Over the past decade, Nepal has witnessed a series of complex and interconnected phenomena that have had an impact on the entire food system and migration patterns. Earthquakes weaken mountainous lands, triggering landslides that form artificial dams and effectively block rivers. Additionally, the presence of numerous glacial-lakes in the vulnerable Himalayan foothills is a major concern, as emphasised by various scientific studies. These lakes pose potential hazards that can lead to multiple disasters. Furthermore, the Intergovernmental Panel on Climate Change (IPCC 2014) predicts a high possibility of 200 million displacements from their place of origin worldwide by 2050 due to climate-induced risks and vulnerabilities.
Despite the risks, people are compelled to live in these dangerous areas as they lack viable options for migration to safer places. It is the responsibility of the authorities to address these critical issues related to climatic vulnerability. Climate-induced disasters are increasing due to changing climatic patterns and global warming. Nepal, identified as one of the most vulnerable nations, continues to face a significant risk of potential hazards, both upstream and downstream, despite its scattered geography. The government has been implementing climate adaptation plans and raising awareness of disaster preparedness and mitigation to minimise the adverse effects of climate change.
During this year's budget speech, the Finance Minister emphasised the importance of initiatives such as Secondly Nationally Determined Contribution (NDC), National Adaptation Plan. Nepal has already developed effective policies, guidelines, and acts to mitigate and address climate-related risks. The country has a comprehensive set of guiding documents, including the National Climate Change Policy 2019, National Adaptation Plan of Action 2010, Disaster Risk Reduction and Management Act 2074, Climate Change Financing Framework 2017, and many more. These initiatives provide a solid foundation for addressing each stage of the disaster cycle. In this regard, strengthening local governments and communities is crucial in promoting agro-biodiversity, nature-based solutions, and effective climate adaptation plan.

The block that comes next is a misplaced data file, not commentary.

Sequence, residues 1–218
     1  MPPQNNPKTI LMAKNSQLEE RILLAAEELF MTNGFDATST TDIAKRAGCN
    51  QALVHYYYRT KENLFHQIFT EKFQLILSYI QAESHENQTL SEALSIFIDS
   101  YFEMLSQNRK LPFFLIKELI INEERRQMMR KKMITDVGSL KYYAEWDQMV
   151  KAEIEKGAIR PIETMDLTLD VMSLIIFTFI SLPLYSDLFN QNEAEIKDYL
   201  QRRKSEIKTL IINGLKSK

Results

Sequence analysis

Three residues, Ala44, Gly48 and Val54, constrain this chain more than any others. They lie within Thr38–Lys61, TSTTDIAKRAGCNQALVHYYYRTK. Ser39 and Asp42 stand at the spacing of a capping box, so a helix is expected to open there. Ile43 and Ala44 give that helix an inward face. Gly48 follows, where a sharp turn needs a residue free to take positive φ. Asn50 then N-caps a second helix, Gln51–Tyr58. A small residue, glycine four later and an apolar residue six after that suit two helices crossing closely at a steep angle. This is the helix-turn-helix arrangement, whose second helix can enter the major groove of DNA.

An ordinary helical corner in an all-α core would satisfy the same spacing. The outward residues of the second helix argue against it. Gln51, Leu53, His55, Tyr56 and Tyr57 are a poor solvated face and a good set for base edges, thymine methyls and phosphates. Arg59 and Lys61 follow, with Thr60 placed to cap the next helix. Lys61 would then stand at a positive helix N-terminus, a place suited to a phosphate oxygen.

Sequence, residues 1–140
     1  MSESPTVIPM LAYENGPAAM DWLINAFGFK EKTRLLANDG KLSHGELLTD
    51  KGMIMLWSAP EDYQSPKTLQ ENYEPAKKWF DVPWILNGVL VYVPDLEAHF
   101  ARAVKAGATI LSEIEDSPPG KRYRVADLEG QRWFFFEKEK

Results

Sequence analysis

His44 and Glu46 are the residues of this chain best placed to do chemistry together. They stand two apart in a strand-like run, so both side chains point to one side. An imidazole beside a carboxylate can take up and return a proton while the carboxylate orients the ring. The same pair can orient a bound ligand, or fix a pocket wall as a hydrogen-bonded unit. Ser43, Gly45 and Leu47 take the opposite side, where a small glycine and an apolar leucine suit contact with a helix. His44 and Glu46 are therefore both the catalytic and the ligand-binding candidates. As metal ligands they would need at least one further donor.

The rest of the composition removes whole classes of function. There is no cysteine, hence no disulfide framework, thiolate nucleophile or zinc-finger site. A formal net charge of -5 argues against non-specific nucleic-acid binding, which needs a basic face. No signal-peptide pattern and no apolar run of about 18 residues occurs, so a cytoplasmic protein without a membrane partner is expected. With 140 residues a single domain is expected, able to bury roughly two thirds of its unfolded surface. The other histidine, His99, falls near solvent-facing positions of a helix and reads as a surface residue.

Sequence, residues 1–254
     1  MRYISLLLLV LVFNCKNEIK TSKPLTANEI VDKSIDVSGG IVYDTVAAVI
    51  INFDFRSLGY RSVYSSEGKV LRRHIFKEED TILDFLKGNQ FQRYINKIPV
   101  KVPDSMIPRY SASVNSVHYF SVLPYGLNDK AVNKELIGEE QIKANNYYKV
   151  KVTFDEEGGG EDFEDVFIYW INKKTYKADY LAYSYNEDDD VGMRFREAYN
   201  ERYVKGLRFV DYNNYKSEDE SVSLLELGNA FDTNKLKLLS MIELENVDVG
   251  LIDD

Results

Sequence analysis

In conclusion, the example of the Melamchi disaster alerts to the global impact of climate-induced disasters on a large scale. For this, proactive measures such as promoting biodiversity, adopting sustainable farming practices, investing in agro-ecology, and promoting the green economy are crucial. Equally important is the need to co-learn with the local community about the adverse effects of climate change and enhance the capacity of local government authorities to respond effectively to future crises. The time has come for stakeholders at all levels, from local communities to national governments, to come together and take immediate action. This will ultimately help to address climate change effects, promote resilient agro-food systems, and minimize forced migration.
(The author is a M.Phil. researcher at the Department of Development Studies at Kathmandu University, School of Education.)